Possible Judicial Appeal Against Takeovers Panel’s Findings by Alibaba Group

According to a voluntary announcement of Alibaba Health Information Technology Limited (Alibaba Health), Alibaba Group Holding Limited (Alibaba Group) was said to be evaluating a possible judicial appeal against the Takeovers Panel’s finding of a breach of the Takeovers Code by Alibaba Group.

In 2014 when Alibaba Group became the controlling shareholder of Alibaba Health through subscription of shares (Subscription), a whitewash waiver was granted by the Takeovers Panel at the time. In a non-disciplinary review in relation to the Subscription, the Takeovers Panel ruled on 23 April 2016 that there was a breach of Rule 25 (special deal with certain shareholders) of the Takeovers Code by Alibaba Group, which caused the original whitewash waiver to be invalidated and this in turn would have resulted in a mandatory general offer obligation arising. However, the Takeovers Panel granted a new waiver for the requirement for Alibaba Group to undertake a mandatory general offer for the shares of Alibaba Health in view of Alibaba Health’s share price performance subsequent to the Subscription.

Although Alibaba Group does not need to launch a full buyout, it is said in the announcement that it is evaluating a possible judicial appeal against the Panel’s finding of a breach as it believes that it has fully complied with the Takeovers Code in connection with its investment in Alibaba Health.

The Takeovers Panel’s written ruling is expected to be published in about two weeks’ time from the date of the announcement and will contain more details on the facts of the case.

A copy of the voluntary announcement of Alibaba Health can be downloaded via the link below:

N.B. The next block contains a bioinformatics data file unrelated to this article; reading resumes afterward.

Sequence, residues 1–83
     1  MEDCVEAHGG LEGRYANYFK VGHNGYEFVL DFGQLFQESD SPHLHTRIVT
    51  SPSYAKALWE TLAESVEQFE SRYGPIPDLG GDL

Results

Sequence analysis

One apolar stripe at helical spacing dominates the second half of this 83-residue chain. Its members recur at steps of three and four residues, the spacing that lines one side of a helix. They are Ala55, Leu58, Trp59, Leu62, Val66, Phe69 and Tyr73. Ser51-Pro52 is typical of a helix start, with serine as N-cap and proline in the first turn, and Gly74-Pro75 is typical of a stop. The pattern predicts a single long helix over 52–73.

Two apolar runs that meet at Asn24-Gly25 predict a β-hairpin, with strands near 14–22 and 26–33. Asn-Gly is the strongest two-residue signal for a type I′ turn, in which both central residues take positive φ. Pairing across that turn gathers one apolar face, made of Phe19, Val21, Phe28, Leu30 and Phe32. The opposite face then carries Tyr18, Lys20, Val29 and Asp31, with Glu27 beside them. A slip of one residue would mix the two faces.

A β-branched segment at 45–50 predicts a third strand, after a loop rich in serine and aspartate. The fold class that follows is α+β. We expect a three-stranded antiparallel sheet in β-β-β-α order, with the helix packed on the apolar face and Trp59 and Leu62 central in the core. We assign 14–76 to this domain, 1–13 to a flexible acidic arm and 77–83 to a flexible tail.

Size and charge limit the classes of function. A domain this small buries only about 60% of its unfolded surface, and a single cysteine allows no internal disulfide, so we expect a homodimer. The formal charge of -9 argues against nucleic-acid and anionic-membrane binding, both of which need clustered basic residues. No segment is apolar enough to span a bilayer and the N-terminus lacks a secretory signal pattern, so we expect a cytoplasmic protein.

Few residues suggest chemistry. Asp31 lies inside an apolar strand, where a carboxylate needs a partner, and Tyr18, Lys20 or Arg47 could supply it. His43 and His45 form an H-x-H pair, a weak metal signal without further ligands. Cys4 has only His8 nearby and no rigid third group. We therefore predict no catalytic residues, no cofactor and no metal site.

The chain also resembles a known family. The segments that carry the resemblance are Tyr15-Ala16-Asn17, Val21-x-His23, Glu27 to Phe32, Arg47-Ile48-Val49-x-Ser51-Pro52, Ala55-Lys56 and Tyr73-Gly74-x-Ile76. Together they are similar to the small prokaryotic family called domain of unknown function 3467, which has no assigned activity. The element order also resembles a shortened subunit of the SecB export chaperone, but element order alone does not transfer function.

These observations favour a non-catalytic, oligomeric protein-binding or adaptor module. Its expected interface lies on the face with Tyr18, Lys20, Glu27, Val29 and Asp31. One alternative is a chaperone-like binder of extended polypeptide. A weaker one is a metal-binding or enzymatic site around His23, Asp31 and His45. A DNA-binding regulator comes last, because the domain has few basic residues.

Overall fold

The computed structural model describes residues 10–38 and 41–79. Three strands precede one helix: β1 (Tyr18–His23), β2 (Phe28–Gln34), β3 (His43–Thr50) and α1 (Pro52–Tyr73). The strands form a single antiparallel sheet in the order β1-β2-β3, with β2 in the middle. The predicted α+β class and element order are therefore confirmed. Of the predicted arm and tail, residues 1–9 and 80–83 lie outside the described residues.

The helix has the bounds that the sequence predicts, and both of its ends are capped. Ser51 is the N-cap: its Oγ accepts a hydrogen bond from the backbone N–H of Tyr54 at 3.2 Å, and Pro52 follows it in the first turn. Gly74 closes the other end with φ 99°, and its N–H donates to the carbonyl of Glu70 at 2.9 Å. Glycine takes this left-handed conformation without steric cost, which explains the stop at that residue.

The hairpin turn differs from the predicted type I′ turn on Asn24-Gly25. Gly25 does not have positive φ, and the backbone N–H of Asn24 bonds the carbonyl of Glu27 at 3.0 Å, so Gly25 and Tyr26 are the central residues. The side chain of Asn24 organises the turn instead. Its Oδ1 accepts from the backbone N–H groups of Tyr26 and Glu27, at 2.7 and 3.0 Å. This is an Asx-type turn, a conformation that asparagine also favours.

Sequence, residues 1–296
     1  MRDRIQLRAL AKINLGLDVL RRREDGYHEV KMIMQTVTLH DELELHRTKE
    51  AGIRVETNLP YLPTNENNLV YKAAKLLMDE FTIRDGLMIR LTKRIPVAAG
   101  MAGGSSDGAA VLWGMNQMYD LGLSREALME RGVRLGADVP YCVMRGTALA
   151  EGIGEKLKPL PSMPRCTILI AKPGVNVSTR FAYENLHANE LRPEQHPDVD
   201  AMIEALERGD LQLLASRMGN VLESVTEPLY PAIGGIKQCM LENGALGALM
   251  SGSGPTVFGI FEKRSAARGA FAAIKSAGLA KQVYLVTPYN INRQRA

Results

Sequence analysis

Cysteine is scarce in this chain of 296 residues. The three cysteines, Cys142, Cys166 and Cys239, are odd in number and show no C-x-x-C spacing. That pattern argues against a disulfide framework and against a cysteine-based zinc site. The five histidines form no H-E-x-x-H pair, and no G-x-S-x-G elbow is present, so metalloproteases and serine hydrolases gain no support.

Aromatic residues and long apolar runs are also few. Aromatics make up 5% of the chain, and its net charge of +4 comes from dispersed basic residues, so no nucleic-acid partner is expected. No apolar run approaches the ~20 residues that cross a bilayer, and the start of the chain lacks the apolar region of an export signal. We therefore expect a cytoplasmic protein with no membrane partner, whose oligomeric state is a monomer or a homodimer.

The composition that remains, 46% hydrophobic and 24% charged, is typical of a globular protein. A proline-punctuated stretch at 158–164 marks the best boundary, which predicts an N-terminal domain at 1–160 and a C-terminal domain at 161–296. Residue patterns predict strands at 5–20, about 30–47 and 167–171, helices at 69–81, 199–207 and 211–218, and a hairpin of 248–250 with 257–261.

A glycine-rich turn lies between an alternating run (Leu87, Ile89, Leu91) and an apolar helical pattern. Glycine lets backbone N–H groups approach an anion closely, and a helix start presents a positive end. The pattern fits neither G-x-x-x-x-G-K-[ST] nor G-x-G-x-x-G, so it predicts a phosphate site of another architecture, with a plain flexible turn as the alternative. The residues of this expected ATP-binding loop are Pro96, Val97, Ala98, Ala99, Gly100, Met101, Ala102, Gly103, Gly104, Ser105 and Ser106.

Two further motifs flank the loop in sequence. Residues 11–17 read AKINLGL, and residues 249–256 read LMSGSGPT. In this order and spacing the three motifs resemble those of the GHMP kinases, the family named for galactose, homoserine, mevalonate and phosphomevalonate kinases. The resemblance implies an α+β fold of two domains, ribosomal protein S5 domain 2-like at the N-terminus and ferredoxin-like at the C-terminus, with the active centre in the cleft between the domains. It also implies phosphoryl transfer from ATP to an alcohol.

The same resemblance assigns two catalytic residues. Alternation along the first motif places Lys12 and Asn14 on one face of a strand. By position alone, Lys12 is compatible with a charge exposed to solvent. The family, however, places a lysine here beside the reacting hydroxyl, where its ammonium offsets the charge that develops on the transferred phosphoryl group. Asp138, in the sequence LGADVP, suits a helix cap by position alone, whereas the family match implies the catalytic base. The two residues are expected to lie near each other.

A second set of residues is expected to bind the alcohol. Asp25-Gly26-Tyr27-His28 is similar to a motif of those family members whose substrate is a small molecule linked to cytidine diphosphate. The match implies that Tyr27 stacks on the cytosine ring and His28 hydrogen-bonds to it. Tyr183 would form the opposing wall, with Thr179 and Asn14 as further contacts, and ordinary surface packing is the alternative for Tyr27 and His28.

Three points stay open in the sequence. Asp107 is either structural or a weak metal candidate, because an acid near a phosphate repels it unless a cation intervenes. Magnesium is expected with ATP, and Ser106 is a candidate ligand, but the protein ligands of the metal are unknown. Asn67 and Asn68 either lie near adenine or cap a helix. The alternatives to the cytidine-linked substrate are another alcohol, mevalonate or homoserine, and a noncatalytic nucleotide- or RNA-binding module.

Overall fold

SFC Formally Adopts Initiatives to Enhance Fund Authorization Process

Following a six-month pilot arrangement of authorization procedures for unit trusts and mutual funds, the SFC announced that it would formally adopt its initiatives (Revamped Process) for new fund applications and new mandatory provident funds and pooled retirement fund products from 9 May 2016.

Under the Revamped Process, new fund applications are classified into:

  1. the “Standard Applications” stream to cover less complicated fund applications meeting certain specific criteria; and
  2. the “Non-standard Applications” stream to cover other fund applications.

The Revamped Process will also be extended to eligible Mainland funds seeking authorization under the mutual recognition of funds arrangement between the Mainland and Hong Kong.

A copy of the SFC press release can be downloaded via the link below:


Listing Rules - Related Developments

Stock Exchange Publishes New Guidance Letters and Listing Decisions

The Stock Exchange has published two new Guidance Letters:

(i) GL87-16 – This Guidance Letter provides guidance to listed issuers subject to rumours or market commentaries with allegations of fraud, material accounting or corporate governance irregularities which may require a trading halt in their securities. Main points include the following:

  • If such allegations have, or are likely to have, an effect on the issuer’s share price such that, in the view of the Stock Exchange, there is or is likely to be a false or disorderly market in the listed issuer’s securities, the issuer must make a clarification announcement promptly
  • If the issuer cannot promptly publish a clarification announcement to prevent the possible development of a false or disorderly market, it must apply for a trading halt. The duration of any trading halt should be as short as possible. The issuer must ensure that trading resumes as soon as practicable following publication of a clarification announcement
  • The clarification announcement should make reference to the allegations and inform the market about the issuer’s position regarding each allegation so as to avoid a false or disorderly market. To the extent possible, the clarification announcement should also contain particulars to address, or to refute, the allegations. The issuer should also disclose any inside information required to be disclosed under Part XIVA of the Securities and Futures Ordinance where applicable, or an appropriate negative statement